20111028 stockmarket trader
Traders work on the floor of the New York Stock Exchange moments before the closing bell on Oct. 27, 2011 in New York City. - 

Jeremy Hobson: Now it's time to dissect the numbers with a quiz about
global stock markets, so let's bring in our quizmaster Stephen Richter. He's editor-in-chief at TheGlobalist.com. Good morning.

Stephan Richter: Good morning, Jeremy. Are you ready for today's quiz?

Hobson: I am ready.

Richter: All right. Everybody knows Wall Street, and we also hear every morning when we wake up or when we go to bed about the stock markets in other countries -- Germany, U.K., China.

What about our home market? What percentage of the world's total stock market capitalization -- all stocks' value -- still is in the United States today? Is it A) 70 percent; B) is it just about half, that would be 50 percent; C) a little under half, say 40 percent; or D) at this time, just a quarter, 25 percent, the way markets have gone down of course?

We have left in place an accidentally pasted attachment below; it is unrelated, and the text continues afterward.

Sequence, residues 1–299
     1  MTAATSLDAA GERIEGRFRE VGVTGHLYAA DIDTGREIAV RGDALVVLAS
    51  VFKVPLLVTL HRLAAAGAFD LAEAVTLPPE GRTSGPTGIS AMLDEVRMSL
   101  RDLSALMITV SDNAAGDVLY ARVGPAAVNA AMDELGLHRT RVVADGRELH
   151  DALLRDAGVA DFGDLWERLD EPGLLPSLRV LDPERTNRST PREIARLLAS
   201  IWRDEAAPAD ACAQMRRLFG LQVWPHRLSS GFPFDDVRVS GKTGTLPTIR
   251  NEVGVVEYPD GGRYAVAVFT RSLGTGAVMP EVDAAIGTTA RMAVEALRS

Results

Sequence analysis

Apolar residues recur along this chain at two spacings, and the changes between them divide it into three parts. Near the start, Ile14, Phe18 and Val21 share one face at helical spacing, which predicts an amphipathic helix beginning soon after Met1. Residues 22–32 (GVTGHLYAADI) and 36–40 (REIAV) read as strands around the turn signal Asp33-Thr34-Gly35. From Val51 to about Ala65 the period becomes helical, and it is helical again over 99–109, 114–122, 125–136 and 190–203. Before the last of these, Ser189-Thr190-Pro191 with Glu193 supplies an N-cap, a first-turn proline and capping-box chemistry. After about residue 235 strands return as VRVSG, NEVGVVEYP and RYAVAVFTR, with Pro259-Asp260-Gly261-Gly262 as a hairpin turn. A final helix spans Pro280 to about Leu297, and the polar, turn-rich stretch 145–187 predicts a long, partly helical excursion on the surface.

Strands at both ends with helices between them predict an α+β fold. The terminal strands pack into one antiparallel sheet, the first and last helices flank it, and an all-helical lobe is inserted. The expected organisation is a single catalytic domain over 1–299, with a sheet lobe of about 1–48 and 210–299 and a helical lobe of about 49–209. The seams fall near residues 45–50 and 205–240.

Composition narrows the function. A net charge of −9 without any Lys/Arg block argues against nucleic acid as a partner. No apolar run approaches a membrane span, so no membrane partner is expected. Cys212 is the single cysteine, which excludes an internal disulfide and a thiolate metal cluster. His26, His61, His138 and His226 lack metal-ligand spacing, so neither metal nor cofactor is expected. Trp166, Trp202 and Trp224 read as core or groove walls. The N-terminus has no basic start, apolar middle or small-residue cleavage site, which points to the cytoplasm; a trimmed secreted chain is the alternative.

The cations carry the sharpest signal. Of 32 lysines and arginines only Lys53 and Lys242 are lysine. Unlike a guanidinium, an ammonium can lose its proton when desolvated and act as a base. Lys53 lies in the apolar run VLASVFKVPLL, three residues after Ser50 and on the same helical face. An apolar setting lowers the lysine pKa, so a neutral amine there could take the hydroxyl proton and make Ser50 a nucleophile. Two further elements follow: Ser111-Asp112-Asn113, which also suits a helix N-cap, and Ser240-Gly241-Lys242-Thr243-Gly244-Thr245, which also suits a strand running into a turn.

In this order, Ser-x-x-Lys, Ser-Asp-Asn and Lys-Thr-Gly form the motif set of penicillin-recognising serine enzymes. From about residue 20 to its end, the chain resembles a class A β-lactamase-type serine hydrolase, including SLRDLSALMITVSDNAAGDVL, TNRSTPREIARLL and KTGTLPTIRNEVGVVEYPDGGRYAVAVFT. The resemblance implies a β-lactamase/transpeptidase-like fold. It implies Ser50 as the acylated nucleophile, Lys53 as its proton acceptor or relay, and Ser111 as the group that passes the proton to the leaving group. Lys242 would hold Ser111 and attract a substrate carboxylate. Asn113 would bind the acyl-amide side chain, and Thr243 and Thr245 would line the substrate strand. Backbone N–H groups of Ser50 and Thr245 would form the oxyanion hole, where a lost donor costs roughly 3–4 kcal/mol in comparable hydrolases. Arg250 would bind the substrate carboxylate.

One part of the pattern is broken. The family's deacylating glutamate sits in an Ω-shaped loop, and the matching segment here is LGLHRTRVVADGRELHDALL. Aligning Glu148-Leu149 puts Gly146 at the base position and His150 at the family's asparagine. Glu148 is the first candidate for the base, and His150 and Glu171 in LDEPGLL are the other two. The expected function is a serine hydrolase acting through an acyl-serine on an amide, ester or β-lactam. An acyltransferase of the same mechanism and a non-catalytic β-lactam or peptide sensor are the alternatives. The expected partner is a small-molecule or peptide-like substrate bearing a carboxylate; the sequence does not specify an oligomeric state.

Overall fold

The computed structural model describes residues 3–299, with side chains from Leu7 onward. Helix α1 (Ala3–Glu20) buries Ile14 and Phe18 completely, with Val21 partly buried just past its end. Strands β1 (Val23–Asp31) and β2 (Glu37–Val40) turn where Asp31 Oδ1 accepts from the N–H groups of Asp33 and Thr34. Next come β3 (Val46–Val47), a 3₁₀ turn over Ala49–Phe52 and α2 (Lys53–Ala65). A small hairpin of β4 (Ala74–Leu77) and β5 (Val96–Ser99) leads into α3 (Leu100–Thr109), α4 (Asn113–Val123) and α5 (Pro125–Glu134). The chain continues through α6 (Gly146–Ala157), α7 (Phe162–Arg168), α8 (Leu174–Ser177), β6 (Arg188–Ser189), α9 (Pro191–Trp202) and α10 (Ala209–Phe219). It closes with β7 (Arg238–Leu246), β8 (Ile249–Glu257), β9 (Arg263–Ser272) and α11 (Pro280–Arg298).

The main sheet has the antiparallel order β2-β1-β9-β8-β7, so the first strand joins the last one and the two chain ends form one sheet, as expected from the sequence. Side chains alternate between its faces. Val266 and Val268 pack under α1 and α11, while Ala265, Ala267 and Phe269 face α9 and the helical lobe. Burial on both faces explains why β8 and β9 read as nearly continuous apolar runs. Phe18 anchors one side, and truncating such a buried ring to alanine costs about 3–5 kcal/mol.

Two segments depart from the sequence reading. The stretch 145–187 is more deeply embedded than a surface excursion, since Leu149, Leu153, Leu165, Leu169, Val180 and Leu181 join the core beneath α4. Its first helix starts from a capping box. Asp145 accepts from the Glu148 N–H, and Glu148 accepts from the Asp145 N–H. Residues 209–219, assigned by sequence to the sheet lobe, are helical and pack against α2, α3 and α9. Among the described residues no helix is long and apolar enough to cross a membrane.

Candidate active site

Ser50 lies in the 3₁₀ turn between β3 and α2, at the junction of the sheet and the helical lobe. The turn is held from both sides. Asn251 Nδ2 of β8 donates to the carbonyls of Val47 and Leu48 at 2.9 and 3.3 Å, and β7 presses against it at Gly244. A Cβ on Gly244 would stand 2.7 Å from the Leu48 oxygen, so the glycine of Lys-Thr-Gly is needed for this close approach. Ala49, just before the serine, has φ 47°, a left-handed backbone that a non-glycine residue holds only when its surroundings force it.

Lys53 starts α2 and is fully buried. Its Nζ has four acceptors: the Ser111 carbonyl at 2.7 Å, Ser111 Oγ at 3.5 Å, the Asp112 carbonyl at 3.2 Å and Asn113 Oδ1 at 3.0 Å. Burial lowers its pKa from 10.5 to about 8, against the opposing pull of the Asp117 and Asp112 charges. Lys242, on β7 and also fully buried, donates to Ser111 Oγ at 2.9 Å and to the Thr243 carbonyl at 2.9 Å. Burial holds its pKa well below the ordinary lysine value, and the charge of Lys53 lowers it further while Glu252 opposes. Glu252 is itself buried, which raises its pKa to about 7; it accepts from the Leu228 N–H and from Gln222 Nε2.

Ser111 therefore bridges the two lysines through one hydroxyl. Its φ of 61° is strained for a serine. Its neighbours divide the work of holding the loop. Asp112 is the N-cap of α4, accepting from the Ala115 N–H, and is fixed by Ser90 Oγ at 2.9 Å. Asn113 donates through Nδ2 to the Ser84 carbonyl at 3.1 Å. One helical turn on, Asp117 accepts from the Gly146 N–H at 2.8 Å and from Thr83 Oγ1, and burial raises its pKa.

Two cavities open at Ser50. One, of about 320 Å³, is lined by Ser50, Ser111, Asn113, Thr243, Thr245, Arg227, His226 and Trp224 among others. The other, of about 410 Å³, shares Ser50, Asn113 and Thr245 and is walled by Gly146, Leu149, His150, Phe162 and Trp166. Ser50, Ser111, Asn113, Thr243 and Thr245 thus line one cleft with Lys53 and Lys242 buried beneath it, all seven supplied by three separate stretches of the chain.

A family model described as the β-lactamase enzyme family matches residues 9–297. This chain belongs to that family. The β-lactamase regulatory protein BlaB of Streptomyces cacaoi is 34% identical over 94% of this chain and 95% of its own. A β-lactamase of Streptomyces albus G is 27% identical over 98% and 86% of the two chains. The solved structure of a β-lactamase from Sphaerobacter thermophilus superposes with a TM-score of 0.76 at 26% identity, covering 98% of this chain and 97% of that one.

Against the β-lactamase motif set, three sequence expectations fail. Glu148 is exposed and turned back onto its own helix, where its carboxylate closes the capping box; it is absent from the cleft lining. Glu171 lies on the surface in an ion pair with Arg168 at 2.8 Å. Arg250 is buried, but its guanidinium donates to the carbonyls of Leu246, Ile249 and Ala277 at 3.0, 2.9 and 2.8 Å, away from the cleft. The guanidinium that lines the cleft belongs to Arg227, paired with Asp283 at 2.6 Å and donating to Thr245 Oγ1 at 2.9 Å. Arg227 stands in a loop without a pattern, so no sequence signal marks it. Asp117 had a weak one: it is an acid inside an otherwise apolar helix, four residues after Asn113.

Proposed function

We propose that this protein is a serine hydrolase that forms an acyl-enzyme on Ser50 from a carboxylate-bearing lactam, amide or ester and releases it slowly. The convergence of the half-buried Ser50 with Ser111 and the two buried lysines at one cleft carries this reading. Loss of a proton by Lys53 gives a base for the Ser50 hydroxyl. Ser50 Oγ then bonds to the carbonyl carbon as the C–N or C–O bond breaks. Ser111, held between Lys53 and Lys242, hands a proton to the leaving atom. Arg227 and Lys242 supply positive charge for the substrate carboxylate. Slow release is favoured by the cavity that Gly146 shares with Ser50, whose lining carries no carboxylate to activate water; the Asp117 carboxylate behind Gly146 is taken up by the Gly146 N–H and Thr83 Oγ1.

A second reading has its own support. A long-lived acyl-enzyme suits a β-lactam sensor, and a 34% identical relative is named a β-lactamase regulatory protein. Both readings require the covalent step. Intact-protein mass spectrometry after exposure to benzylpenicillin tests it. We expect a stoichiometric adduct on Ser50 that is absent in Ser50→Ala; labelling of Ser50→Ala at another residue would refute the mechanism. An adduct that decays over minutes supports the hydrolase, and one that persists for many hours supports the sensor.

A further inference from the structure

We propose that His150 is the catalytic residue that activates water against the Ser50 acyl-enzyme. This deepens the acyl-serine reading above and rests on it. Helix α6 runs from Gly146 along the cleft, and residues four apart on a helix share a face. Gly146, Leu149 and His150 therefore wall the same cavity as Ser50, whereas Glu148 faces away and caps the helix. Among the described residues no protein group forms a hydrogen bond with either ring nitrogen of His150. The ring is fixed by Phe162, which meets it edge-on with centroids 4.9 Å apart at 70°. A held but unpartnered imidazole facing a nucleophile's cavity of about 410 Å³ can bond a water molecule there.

Hobson: OK, well I am going to go with just about half. I think in the financial markets, we're still, I would say 50 percent.


Richter: You're close but not quite right. Fifty percent is a little too high, actually, and if the flight to safety continues, of course, out of emerging markets and ironically into the U.S. dollar -- not that we feel so safe here these days -- then it would be 50 percent. But that's not where we're at anymore. That's a little in history.

Hobson: Then I've got to go with C) a little under half, 40 percent.


Richter: That is absolutely correct. We are at 40 percent. But here's my bonus question, for you: That 40 percent -- is that higher or the same level as what the U.S. in a totally different but important field, global defense spending accounts, for? Is our stock market share globally in line with our defense share?

Hobson: No way, Stefan -- we've got to be probably about 70 percent with our defense!


Richter: Not quite. Stock market capitalization, the U.S. share of global defense spending -- both are around 40 percent, which makes it pretty astounding in terms of a world of parallels.

Hobson: Stefan Richter is the editor-in-chief of The Globalist. We'll see you next time, Stefan.

Richter: All right, bye bye.